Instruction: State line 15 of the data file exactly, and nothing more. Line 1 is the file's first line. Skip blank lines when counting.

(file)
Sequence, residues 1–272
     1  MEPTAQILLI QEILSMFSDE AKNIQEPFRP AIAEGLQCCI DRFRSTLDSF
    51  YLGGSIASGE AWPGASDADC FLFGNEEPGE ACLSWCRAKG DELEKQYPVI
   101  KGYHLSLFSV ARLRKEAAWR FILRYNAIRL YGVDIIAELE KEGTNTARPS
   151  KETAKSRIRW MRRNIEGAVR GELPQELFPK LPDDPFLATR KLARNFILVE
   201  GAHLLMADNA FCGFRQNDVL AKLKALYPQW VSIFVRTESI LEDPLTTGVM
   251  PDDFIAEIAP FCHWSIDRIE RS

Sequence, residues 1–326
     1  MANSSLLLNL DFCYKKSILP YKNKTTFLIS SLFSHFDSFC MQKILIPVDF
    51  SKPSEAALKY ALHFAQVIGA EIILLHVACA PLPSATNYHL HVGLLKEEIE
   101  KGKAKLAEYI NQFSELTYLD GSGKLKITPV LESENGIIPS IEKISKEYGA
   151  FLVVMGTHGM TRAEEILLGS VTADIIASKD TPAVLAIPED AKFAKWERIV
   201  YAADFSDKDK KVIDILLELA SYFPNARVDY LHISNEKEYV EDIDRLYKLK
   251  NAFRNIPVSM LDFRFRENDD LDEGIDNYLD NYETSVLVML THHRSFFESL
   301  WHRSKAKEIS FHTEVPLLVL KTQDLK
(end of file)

   301  WHRSKAKEIS FHTEVPLLVL KTQDLK